The family of five visited the campus for orientation on September 7, one day prior to the queen’s death at her Balmoral estate in Scotland at age 96. Though the loss of their great-grandmother looms large over the U.K. and in their own lives, the young royals appear to be off to a good start at the academic institution.
As William and Kate, both 40, greeted mourners and visited tributes left outside of Sandringham House in Norfolk, England, on Thursday, September 15, onlookers revealed that the newly-appointed Princess of Wales spoke to the crowd about how their kids were adjusting to their new school.
“Kate said the children have settled in nicely with their new school and have new friends,” one eyewitness, Lydia Bailey, told People.
While George, 9, Charlotte, 7, and Louis, 4, get a respite from the worldwide commotion surrounding the death of their “Gan-Gan” — as George once called Queen Elizabeth — they, too, are feeling the weight of their great-grandmother’s death. Louis, in particular, expressed a sentiment wise beyond his young years, Kate recently revealed.
“[Louis said,] ‘At least Grannie is with Great-Grandpa [Prince Philip] now,’” the Duchess of Cornwall told a group of children waiting outside of Windsor Castle on Saturday, September 10. The late monarch and the Duke of Edinburgh were married for 73 years before his passing in April 2021. He was 99.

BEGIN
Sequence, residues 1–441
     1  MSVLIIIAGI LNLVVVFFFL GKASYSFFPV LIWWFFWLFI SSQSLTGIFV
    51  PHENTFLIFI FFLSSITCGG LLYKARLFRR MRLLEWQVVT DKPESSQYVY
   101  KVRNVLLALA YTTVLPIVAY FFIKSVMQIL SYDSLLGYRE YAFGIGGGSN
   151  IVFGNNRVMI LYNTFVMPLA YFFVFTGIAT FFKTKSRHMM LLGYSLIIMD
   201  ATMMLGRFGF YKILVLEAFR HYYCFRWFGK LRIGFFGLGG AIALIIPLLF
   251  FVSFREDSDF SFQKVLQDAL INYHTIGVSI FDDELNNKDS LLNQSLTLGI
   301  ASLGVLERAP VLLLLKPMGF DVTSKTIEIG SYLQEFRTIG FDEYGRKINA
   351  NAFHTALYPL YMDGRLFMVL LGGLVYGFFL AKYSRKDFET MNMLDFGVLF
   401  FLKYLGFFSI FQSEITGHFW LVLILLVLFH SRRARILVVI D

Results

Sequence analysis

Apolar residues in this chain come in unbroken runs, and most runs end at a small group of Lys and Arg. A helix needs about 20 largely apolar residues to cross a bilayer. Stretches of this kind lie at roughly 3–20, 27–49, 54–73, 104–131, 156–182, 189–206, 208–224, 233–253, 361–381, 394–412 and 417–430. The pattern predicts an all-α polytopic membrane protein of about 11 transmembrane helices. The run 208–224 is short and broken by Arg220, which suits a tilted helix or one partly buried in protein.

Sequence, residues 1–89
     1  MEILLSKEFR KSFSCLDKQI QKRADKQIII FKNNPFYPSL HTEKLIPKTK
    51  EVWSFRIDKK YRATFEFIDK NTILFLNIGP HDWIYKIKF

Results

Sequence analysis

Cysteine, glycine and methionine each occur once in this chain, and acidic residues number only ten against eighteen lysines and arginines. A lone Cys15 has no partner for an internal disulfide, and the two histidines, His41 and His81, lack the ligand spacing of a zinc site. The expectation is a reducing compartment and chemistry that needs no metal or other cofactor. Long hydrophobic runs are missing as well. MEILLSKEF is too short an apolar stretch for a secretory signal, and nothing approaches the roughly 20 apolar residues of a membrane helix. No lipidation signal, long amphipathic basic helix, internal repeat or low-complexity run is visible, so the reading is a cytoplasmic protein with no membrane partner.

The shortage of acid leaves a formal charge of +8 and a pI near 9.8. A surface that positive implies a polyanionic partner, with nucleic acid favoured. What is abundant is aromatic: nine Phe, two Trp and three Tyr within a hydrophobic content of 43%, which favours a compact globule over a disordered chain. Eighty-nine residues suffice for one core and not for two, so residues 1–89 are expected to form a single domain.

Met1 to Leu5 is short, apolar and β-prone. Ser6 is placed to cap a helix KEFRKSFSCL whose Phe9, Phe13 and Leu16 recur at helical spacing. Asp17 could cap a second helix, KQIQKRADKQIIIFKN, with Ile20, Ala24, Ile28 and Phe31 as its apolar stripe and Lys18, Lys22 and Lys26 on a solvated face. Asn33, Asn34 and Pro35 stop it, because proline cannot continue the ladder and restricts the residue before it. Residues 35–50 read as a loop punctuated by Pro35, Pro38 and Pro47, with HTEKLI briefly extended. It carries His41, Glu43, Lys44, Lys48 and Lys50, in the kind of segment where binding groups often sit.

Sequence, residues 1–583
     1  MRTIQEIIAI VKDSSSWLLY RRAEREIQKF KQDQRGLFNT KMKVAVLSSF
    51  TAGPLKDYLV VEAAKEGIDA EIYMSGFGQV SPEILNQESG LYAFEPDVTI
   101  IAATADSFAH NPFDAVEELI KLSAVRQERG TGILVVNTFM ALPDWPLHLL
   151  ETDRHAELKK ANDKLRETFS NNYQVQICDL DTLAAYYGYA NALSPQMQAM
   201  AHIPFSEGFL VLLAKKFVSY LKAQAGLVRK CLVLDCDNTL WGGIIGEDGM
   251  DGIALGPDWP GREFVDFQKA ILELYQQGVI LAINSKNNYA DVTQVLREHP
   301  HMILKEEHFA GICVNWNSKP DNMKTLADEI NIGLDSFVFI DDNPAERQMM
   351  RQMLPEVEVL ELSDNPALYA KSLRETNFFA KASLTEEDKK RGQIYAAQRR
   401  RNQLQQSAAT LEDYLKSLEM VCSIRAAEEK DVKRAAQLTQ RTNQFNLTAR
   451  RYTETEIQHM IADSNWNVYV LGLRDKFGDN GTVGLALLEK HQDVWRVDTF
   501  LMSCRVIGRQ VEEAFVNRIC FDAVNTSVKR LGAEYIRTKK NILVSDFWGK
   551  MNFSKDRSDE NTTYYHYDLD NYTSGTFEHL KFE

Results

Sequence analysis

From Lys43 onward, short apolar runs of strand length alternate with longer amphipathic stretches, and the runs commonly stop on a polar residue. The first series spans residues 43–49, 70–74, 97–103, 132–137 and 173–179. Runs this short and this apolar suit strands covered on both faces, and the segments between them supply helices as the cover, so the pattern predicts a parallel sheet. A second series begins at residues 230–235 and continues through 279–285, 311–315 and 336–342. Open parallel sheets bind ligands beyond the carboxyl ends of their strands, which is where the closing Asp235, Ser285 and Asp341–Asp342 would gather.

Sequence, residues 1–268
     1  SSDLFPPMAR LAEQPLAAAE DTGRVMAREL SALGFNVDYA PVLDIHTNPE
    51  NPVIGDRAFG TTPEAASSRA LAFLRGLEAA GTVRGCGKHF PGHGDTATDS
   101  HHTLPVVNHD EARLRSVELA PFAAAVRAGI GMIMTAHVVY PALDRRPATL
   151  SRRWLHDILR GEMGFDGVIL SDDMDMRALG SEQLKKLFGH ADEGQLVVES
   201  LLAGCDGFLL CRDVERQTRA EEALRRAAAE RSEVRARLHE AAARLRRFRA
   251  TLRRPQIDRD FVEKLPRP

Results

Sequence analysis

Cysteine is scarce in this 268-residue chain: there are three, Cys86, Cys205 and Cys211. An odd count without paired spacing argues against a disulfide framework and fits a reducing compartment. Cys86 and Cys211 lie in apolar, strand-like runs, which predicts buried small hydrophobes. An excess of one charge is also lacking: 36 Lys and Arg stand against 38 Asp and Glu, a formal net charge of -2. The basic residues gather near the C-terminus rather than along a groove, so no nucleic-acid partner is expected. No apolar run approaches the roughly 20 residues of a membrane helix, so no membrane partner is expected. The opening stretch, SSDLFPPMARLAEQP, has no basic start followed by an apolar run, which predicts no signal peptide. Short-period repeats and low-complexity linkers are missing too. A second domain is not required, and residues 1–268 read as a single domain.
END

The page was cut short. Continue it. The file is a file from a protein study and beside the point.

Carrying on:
“While I will grieve her loss, I also feel incredibly grateful,” the Duke of Cornwall, who is now second in line to the throne, said via Instagram on Saturday. “I have had the benefit of the queen’s wisdom and reassurance into my fifth decade.”
Kate, for her part, had “20 years of her guidance and support,” while George, Charlotte and Louis have “memories [of the queen] that will last their whole lives.”
“She was by my side at my happiest moments and she was by my side during the saddest days of my life,” William added. “I knew this day would come, but it will be some time before the reality of life without Grannie will truly feel real.”